Saturday, December 18, 2010

Chronicles of Narnia Movie Tones

Hey y'all. I really need to work hard on posting more. I'll try to do a bit more. My boyfriend's back from his trip, so I'm hanging out with him more.  Naturally.  For now, a rant. Yay for ranting!

Okay, so, I'm hear to talk about the Chronicles of Narnia movies. At this point, I have seen the first two, and I haven't seen the third. It hasn't been long since it came out, so yeah. I'm sure I'll see it at some point, more than likely on my parents' Netflix account. Bad movies tend to come out on there faster than good ones. Yep, I'm already calling it a bad movie. I've seen the trailer. You don't always need to see a thing to know how bad it is. Sometimes it's just incredibly obvious.

So the first movie, The Lion, The Witch, and The Wardrobe (or LWW as I will now refer to it) was actually pretty good. I liked it fine. I had some problems with it, namely the presense of the centaurs -- for the love of God make them do something other than stand there like melodramatic statues! The battle scene was too melodramatic as well, and I didn't like the battle involvement of Susan.

Susan in the books was more of a girly-girl, and to make her more tough is cheap and too Hollywood. There are some women in the world that care more about makeup than shooting arrows, y'all. Reality is far more entertaining than feminism. Besides, you've got Lucy, who was plenty tougher than Susan, to go be the woman hero archetype. Sheesh, if you portray women with having one dang flaw then you must be a sexist. Yeah.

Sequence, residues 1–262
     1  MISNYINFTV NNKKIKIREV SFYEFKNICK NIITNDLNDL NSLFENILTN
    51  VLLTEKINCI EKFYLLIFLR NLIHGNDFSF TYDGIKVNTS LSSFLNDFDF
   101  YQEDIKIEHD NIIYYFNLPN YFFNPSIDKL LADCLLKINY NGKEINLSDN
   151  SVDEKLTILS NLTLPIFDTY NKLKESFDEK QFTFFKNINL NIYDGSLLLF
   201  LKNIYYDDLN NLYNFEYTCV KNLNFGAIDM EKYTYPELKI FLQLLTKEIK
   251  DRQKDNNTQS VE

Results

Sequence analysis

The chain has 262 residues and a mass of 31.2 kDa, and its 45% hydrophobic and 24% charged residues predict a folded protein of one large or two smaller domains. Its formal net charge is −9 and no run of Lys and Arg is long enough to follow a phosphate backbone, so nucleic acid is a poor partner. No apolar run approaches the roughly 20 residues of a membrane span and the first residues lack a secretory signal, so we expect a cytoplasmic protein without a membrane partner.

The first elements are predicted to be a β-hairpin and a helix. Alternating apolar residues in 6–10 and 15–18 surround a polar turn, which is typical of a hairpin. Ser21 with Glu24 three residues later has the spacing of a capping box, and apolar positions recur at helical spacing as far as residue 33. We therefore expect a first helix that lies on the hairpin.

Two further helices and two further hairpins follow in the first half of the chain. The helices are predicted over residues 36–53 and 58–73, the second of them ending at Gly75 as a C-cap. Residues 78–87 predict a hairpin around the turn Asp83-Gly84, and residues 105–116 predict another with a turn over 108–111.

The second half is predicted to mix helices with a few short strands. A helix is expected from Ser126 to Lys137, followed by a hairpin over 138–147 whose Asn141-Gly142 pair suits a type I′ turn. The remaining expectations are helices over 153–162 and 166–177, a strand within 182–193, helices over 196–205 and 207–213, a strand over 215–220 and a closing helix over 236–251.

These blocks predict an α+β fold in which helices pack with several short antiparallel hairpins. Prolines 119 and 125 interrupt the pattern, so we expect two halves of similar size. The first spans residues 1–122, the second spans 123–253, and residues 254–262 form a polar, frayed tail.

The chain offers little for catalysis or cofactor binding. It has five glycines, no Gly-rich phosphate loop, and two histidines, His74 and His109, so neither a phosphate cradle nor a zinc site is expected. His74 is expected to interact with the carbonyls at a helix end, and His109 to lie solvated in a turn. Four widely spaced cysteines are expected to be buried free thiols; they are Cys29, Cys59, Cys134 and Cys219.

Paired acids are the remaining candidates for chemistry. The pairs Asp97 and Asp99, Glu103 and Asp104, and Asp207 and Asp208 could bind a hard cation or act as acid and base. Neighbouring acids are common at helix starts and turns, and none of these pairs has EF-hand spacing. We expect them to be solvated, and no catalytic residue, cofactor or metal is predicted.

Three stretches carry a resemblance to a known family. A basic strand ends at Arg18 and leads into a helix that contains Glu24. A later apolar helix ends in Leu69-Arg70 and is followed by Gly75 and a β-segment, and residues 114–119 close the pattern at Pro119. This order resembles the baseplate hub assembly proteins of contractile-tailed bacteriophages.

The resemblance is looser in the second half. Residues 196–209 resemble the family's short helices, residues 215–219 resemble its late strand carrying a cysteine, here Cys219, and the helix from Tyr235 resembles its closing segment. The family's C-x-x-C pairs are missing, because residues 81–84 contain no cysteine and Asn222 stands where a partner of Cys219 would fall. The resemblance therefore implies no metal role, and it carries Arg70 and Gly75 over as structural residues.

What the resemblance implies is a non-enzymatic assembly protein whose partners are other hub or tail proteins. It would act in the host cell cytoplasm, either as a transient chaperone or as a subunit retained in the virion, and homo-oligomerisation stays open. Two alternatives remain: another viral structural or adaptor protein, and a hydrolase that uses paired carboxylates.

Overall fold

Anyway, the movie was actually pretty good. It was entertaining, had a pretty good script, and Tilda Swinton was a great villain. Aslan was digitized well and had a great voice actor. The kids did good, other than Susan being whiny -- though you might blame that one on the scriptwriters. I'm not sure I really liked the waterfall scene, but Hollywood had to have its thing, I guess.

Warning, I'm going to be putting plot spoilers in this rant from now on. But I mean, these books have been around like sixty years, so you're not missing much. Go read the books. They're awesome.

In any case, I was all set up to go see Prince Caspian. Now, as a kid, this book was my least favorite (other than The Last Battle, which I hated because it got rid of Narnia). I was sort of hoping to get through it and go on to better things, but the badness of this movie actually made me realize how good the book was. I mean...this movie was such a pile of drudge. It wasn't entertaining at all, other than a few moments thanks to Reepicheep. It was just a bunch of actors going around and doing really stiff impersonations of characters.